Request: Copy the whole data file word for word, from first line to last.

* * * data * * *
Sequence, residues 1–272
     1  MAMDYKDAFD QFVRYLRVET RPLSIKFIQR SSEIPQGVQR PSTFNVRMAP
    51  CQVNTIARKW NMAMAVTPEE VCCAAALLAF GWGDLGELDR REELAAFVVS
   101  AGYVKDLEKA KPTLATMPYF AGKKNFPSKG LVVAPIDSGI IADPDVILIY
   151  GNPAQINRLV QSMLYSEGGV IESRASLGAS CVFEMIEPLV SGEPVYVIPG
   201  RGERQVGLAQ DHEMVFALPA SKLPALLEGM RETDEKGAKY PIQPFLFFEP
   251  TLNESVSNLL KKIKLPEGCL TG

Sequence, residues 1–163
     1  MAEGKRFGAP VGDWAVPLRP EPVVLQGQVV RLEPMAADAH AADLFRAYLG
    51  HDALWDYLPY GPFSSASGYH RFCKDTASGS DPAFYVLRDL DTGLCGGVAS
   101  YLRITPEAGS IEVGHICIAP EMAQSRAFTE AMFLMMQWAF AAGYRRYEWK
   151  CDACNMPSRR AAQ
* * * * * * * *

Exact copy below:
Sequence, residues 1–272
     1  MAMDYKDAFD QFVRYLRVET RPLSIKFIQR SSEIPQGVQR PSTFNVRMAP
    51  CQVNTIARKW NMAMAVTPEE VCCAAALLAF GWGDLGELDR REELAAFVVS
   101  AGYVKDLEKA KPTLATMPYF AGKKNFPSKG LVVAPIDSGI IADPDVILIY
   151  GNPAQINRLV QSMLYSEGGV IESRASLGAS CVFEMIEPLV SGEPVYVIPG
   201  RGERQVGLAQ DHEMVFALPA SKLPALLEGM RETDEKGAKY PIQPFLFFEP
   251  TLNESVSNLL KKIKLPEGCL TG

Sequence, residues 1–163
     1  MAEGKRFGAP VGDWAVPLRP EPVVLQGQVV RLEPMAADAH AADLFRAYLG
    51  HDALWDYLPY GPFSSASGYH RFCKDTASGS DPAFYVLRDL DTGLCGGVAS
   101  YLRITPEAGS IEVGHICIAP EMAQSRAFTE AMFLMMQWAF AAGYRRYEWK
   151  CDACNMPSRR AAQ